Be sure to start heading back about an hour before the sun sets! If you head back down the Art Trail, you’ll see a funny looking circular stone building built by James Turrell. Called The Way of Color, the building is actually a giant oculus where you can experience one of the most spectacular and unique views of the sky at sunset. Make sure you arrive at least ten minutes before sunset and have your phone charged—you will not want to miss posting this one on the 'gram.
Dinner in a church:
Hallelujah! We here at Artspace are firm believers in the gospel of food. The perfect umami balance can absolutely be a religious experience, but The Preacher’s Son really takes that sentiment to heights that are as awe-inspiring as they are quite literal. Set inside what was formerly Bentonville’s First Christian Church, would-be congregants are invited to sup upon much, much more than a communion wafer. The son of a Methodist preacher, executive chef Matt Cooper delivers his sermons from the kitchen, with a locally sourced menu that includes the Across the Creek Roasted Half Duck with sweet potatoes (we recommend calling ahead to reserve your half portion). Don't forget to order their Crystal Bridges exhibition themed cocktails like their Side(ways) Car, created for the current Stuart Davis exhibition.
A nightcap at MOD Restaurant and Social:
It seems that the philosophy of “think globally, act locally” has found itself firmly rooted in Bentonville, with MOD proving no exception. With a locally sourced mindset, the extensive cocktail menu will have you travelling the world with concoctions ranging between the buxom Daikaiju (Jinro Soju, Sho Chiku Bai Nigori Sake, Orgeat, Sparkling Grape Juice, Fresh Lime, Angostura Bitters, and Acid Phosphate) and a light (and downright cute) drink called an Earl Yay! (Falernum, Citadelle Gin, Zirbenz, Pineau de Charentes, Earl Grey, Lemon, Demerara, Tiki Bitters).
Grab a bike!
Because that’s just what you do in Bentonville.
Head to Brunch at The Pressroom:
While it’s certainly tempting to go back to The Hive to order whatever brunch item had you asking the waiter to come back in five, you’d be remiss not to visit the local trendy hotspot. Whether you get their Press-trami Hash (house-smoked corned beef, potato, and onions topped with two eggs and grilled bread) or the Carrot Cake Waffles (with maple cream cheese frosting and candied pecans), be sure to get their boozey Cold Brooze (cold brew coffee with Baileys, cardamaro (cardamom+amaro), lavender simple, and your choice of vodka or bourbon).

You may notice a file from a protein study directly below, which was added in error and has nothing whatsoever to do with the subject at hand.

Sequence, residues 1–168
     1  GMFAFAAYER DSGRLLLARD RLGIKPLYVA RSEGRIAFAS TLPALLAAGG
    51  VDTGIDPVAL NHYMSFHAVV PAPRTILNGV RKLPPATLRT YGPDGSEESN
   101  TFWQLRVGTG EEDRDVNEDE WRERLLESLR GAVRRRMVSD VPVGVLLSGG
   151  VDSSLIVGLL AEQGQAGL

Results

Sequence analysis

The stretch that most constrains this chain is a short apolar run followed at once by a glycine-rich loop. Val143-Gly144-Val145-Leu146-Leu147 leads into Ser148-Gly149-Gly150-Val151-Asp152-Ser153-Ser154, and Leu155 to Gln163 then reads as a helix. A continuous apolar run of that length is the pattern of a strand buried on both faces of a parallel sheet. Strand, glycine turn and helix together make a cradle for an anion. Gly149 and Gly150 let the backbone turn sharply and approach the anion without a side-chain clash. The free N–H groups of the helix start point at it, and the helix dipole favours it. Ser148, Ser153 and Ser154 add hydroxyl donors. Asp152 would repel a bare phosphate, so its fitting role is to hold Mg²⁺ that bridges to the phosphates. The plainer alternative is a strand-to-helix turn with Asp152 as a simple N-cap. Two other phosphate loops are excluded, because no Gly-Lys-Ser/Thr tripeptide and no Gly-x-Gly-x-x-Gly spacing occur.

Get Post-Colonial at Museum of Native American History:
In the museum’s own words—”the History of the United States is usually thought of as being discovered in the 1500s by explorers like Columbus, Desoto, and Cortez, but there is a much more ancient history that remains untold.” We could not agree more. Starting as far back as the Paleolithic period, the MONAH offers a broad, comprehensive portrait of Native American history through time, correcting dominant colonial narratives and showcasing its large collection of artifacts. Plus, museum admission is free here too!
Tour the Peel Mansion Museum & Heritage Gardens:
Rumor has it that you can sometimes hear the ghost of little Minnie Belle Peel playing the piano through the halls of the Peel Mansion. Haunted or not, the grounds of Colonel Peel’s property are worth touring for a charming trip through time. A guided tour will take you through the estates collection of period antiques, as well as the gardens historic roses, perennials, and native plants. And if you do hear the distinct tinkering of piano keys, don’t worry! The ghosts are reported to be quite friendly.
Bike back down to The Walmart Museum (we’re not kidding):
When in Rome, right? Plus, the Walmart Museum is open until 9pm and it's free, so there’s really no excuse.
Dinner at the Hive:
The recurring problem you’ll likely have in Bentonville is having to choose from the menus. It’s really not fair to have so many mouth watering options. The Ricotta Cavatelli with cured pork, shaved brussels and walnuts highlights the local fare, as does the Mixed Lettuce with spiced black walnuts and sorghum vinaigrette. There’s also the pasture-raised local chicken with Parisian gnocchi, kale, and ...roasted grapes? Roasted grapes! Just be sure to save room for a dessert cocktail like the Buffalo River Float—a black walnut bourbon with local root beer and buttermilk ice cream, topped with a cherry brandy drizzle. Oh, and did we mention that the menu is locally sourced?